Joining in with both Sian’s Christmas Club and Blogmas today, the Blogmas prompt being, “What’s your favourite Christmas memory” and Sian suggesting we start our piece with, “At Christmas we…”. Here goes…
At Christmas we would always, without fail, buy a new dress for me. A special dress. One from Loreen’s, the poshest shop in the village. I remember the excitement building as the Designated Day grew closer, my Mum more excited than I was, always, her excitement barely containable on the actual day itself. It’d be a special trip, just me and my Mum. My Dad would hand her an envelope and we’d be instructed, kindly and with a smile, to spend no more (I don’t know, looking back, how they were able to spare any money for a dress that was obviously so expensive, as money was very tight in those days).
We’d get ready, me and Mum, for the long walk in to the village. Pulling on socks, then carrier bags (so we didn’t get wet feet), then wellies, then gloves and scarves and bobbly hats, we’d head out, in to the darkening afternoon, snow beneath our feet. The prospect of entering Loreen’s brimming in our minds, the crunch crunch crunch of the snow under our feet hypnotising us, hardly talking to each other as we imagined what we’d find there. Loreen’s. The very name causing hushed silence in anticipation of special attention, an array of beautiful, handmade dresses and kindnesses I’ve still, to this day, not forgotten.
We’d get to the main square and suddenly we’d start to talk. What colour would I like? “Perhaps we’d be able to get a cardigan too. Or shoes?”, I’d venture. (I laugh, now, as I remember how wonderful I felt when Loreen let me try the girls high heeled shoes on, as my daughter doesn’t stop asking me to tell Santa that she, this year, wants a pair of high heeled shoes, “…with a bow on the front, Mama”).
We’d cross the main square, bidding Merry Christmas to everyone we’d meet and then we’d grip our hands a little tighter and I’d hold my breath the last few steps. We’d say hello to Dave the Barber (next door) and then there we’d be! At Loreen’s. She’d always have a marvellous display in the window, and we’d stop and stare, mouths agape, as we took in all the delights: embroidered tulle, thick pleated silks, taffeta, pearls stitched on finest, smoothest cotton, socks with little bows…a little girl’s dream shop.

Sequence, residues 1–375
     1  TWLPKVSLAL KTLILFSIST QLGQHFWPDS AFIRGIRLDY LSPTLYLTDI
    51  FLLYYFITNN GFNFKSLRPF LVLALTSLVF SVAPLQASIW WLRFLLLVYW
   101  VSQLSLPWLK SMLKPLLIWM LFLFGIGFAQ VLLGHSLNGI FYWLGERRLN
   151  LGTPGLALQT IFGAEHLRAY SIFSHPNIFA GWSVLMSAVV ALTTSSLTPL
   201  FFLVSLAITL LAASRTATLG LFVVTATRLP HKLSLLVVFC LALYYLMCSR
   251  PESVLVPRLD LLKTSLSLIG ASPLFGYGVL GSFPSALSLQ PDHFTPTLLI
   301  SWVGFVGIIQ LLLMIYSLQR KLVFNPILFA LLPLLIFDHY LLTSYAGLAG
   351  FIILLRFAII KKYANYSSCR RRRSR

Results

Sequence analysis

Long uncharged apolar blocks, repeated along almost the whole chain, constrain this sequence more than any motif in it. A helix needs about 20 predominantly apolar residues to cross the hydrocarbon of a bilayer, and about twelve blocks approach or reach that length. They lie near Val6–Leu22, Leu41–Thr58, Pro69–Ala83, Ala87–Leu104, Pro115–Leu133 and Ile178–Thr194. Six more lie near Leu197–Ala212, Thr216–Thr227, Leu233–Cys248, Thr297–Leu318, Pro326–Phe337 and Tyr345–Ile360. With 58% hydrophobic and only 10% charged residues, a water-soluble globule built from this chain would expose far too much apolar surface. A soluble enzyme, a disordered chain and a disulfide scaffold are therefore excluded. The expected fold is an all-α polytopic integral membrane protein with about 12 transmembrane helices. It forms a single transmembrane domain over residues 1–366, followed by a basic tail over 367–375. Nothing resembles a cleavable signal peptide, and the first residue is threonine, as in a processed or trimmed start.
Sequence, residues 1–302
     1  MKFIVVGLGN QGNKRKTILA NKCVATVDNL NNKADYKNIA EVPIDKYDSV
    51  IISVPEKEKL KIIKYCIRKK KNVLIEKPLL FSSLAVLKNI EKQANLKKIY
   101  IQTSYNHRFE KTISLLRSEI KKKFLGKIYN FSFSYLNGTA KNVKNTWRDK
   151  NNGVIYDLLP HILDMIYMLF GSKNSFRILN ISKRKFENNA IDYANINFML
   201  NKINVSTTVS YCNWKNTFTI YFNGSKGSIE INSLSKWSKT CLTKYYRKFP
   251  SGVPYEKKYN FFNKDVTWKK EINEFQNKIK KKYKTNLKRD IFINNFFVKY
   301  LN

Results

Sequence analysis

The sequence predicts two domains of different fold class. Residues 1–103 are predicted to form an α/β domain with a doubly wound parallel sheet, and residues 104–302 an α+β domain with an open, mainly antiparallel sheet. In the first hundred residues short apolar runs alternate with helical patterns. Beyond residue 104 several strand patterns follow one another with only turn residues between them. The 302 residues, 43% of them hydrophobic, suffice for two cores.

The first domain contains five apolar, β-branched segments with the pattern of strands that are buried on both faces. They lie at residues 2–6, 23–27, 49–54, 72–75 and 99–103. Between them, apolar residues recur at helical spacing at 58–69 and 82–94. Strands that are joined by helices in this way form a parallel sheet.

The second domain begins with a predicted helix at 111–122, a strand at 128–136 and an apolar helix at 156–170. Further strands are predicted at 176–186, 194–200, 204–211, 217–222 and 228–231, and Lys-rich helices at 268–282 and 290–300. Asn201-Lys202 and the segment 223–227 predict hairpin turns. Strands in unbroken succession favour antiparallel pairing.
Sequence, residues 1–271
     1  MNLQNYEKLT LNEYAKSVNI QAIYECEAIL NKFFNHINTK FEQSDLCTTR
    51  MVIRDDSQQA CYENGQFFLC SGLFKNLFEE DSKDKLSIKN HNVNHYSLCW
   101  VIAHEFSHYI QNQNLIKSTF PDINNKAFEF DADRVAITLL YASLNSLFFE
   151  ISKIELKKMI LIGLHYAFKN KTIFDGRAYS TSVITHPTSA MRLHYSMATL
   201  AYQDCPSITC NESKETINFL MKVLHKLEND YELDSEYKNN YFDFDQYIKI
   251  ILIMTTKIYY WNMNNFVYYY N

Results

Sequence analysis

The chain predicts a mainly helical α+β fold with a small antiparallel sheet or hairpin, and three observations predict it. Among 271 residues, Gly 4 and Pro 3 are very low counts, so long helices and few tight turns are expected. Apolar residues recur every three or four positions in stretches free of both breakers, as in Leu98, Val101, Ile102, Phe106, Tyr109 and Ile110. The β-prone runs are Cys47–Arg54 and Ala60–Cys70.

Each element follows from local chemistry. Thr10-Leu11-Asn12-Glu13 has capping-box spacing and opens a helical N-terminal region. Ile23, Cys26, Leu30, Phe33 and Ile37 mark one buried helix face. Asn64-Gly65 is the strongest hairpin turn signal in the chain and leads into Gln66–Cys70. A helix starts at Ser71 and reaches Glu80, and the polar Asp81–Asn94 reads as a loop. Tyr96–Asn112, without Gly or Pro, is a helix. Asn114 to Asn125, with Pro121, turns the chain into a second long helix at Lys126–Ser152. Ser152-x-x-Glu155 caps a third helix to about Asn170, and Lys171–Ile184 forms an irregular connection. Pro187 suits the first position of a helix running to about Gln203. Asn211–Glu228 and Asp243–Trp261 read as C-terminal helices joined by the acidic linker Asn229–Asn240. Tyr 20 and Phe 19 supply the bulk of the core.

The moment before we’d enter. Whenever I remember it, I always feel like I was holding my breath, like time slowed down, as I imagined myself crossing in to the shop. The window in the door full of condensation, from the warmth inside, little drops of water running down the window, meeting the ledge, it’s Victorian flaws catching them, a perfect little drop of water forming, glistening…some frozen in action. The lights inside would be welcoming, glowing. There’d be a smell of rich, new, cloths emanating from inside, and then, click – dingaling – Mum would open the door and the little bell on a wire, that hung over the door, would ring. We’d step in to the shop and Loreen would step in from out back and there we’d all be! With only one task in hand: to find the most beautiful Christmas dress (at the right price).
I remember she’d always fuss over me, but not in a fussy way. In a way that felt perfectly comfortable. Like a perfectly human, real, Mary Poppins. Immaculately dressed herself, she’d add a spot of glamour to our village wherever she went. She popped in to the Post Office, all the ladies would discuss her outfit as she left. In the bakery, they’d spend an age discussing her shoes (and be baffled by her choice of chocolate eclairs, “But she’s so thin!”, they’d sigh). She was a swathe of elegance in a village without much of it, and we all loved her for it.